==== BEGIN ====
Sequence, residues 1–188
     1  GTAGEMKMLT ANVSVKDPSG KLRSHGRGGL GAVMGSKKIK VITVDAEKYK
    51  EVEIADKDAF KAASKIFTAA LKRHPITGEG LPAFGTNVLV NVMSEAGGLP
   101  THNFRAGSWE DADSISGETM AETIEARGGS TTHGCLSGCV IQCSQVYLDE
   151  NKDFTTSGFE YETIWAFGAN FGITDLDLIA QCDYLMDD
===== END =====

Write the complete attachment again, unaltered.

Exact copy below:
Sequence, residues 1–188
     1  GTAGEMKMLT ANVSVKDPSG KLRSHGRGGL GAVMGSKKIK VITVDAEKYK
    51  EVEIADKDAF KAASKIFTAA LKRHPITGEG LPAFGTNVLV NVMSEAGGLP
   101  THNFRAGSWE DADSISGETM AETIEARGGS TTHGCLSGCV IQCSQVYLDE
   151  NKDFTTSGFE YETIWAFGAN FGITDLDLIA QCDYLMDD